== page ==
Many students and parents face transitions. The beginning of a new school year brings challenges as children and adolescents cope with the many changes that eventuate. Progress at school may mean a change of teacher, a change in school routines, changes in friendships and for some a change in schools.
Changes such as these create stress and challenge for children, as they often fear the uncertainty of how things will turn out. For many children the routine of school will have to be relearned and hence there is challenge in the changes that they face.
Change can be a wonderful part of life. Change promotes learning since a person is made to think differently in their new situation.
Starting Kindergarten is the first experience that 5 year olds have of the13 years of formal schooling that follow. For the first time some families face a transition into a new stage of their family life as school and the family interact for the first time. Still other children are making the transition to high school for the first time. Even new class groupings and new teachers by all children at this time of the year create potential challenges and tension from the changes.
Such changes can have both favourable and unfavourable outcomes, but in either case there is potential for learning and growth occur.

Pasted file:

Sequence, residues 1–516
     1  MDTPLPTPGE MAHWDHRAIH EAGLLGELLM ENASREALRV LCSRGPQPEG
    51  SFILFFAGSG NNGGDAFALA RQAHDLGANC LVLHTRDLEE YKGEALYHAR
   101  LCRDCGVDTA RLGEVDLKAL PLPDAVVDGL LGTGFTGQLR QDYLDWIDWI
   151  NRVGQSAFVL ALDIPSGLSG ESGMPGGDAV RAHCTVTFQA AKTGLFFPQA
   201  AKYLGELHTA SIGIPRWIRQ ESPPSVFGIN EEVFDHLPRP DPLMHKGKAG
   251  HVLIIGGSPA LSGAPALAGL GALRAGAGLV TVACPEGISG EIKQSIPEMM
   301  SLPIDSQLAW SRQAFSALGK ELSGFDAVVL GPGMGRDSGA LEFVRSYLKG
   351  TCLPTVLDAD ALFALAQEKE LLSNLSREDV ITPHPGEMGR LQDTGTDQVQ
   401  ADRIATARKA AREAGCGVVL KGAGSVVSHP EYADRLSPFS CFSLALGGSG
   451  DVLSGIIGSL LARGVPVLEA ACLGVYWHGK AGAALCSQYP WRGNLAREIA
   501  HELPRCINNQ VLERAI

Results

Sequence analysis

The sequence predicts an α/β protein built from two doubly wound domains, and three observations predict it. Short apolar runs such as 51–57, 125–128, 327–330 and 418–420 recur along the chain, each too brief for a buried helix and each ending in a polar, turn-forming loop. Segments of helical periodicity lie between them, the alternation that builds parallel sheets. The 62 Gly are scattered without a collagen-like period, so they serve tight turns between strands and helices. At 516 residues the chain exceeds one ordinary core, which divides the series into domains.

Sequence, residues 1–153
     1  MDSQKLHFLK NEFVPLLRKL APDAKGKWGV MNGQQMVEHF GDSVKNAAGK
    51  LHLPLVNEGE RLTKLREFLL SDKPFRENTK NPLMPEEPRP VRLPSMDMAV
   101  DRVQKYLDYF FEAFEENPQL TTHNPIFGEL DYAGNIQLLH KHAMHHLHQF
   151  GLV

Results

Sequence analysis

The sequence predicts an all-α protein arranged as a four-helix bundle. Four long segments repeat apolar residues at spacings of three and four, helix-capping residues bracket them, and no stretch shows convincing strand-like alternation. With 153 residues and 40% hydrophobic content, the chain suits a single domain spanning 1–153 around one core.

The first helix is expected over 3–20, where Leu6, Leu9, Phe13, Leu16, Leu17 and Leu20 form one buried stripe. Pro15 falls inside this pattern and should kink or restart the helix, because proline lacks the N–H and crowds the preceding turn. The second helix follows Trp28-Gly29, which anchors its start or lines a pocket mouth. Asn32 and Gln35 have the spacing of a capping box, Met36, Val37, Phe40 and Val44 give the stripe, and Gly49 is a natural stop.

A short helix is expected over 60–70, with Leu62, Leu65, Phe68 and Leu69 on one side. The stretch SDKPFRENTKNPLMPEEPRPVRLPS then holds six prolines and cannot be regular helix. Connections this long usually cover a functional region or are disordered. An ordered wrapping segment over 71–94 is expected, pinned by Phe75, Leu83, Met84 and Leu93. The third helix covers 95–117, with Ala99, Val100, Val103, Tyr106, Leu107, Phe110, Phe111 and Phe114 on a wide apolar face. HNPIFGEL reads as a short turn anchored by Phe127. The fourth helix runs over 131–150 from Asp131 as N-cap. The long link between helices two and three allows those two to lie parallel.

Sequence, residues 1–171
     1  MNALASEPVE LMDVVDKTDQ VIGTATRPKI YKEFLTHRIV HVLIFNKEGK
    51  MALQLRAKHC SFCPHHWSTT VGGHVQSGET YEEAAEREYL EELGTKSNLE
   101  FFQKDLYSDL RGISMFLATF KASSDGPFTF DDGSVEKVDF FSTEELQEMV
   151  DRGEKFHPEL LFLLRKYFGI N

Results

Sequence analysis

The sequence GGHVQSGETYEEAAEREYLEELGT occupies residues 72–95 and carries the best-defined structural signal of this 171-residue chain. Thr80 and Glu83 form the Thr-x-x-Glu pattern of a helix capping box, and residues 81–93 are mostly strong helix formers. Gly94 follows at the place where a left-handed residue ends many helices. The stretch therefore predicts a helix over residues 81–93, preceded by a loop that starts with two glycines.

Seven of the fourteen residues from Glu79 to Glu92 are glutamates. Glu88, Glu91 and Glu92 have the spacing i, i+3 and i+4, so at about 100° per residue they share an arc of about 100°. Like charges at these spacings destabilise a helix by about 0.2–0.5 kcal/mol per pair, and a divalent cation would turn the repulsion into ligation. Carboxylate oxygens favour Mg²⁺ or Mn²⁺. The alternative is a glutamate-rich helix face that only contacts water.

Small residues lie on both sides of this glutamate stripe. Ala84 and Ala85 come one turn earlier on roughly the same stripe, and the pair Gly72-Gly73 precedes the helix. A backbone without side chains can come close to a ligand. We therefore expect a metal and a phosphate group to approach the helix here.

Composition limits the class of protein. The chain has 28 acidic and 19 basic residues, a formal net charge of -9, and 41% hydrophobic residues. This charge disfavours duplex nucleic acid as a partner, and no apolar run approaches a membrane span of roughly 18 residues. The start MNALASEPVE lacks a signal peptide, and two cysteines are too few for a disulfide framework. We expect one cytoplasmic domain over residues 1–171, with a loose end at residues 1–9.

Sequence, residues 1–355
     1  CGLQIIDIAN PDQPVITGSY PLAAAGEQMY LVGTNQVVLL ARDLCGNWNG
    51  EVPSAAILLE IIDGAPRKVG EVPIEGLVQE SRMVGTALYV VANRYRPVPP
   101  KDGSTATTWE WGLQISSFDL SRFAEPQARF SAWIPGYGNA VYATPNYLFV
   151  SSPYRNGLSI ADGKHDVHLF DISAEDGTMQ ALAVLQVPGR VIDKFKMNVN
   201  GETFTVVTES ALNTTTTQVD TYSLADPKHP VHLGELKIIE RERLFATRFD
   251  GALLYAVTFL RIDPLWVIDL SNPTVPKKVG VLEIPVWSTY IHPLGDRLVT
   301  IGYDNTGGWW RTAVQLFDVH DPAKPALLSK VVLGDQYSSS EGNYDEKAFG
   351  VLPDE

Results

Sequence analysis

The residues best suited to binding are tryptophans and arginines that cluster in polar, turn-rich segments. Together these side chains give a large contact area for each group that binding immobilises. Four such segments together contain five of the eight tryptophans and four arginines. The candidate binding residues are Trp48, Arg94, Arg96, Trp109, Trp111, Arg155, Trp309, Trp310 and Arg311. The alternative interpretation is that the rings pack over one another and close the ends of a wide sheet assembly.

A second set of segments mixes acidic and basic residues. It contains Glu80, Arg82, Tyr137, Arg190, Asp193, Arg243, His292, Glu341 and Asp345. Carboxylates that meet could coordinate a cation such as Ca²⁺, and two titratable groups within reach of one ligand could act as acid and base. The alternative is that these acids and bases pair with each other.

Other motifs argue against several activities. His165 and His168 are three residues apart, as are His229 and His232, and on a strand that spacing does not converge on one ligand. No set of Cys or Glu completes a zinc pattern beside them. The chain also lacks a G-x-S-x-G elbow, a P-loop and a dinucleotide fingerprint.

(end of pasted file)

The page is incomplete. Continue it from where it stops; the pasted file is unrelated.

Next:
Parents can help to ease the impact of these stresses by sensible parenting. As parents of children going through a multitude of changes, it is important that we demonstrate and model successful negotiation of changes as we experience them in our own lives. It is important that we show our children how to learn positive lessons from new experiences, and to demonstrate optimistic thinking in the face of new situations.
For example: A child going to a new year at school faces saying goodbye to a favourite teacher, and going to a new, perhaps feared teacher. This can be seen as an opportunity or as a major upheaval. The response of parents to their reaction may be the catalyst to how they negotiate this change.
There is a natural response for parents to rescue their children and shelter them from the impact of such a change. But this can be a mistake. To rescue the child before the child has the opportunity to negotiate a way through the change and its challenges has the effect of reinforcing that change of any kind is frightening and too be avoided.
Instead, parents that allow their children to face change with an optimistic mindset, enable children to develop skills for life. Such challenges once negotiated successfully by a child serve to reinforce an optimistic view of future changes that may later be faced.
Lyn Worsley, Psychologist, Alpha Counselling Services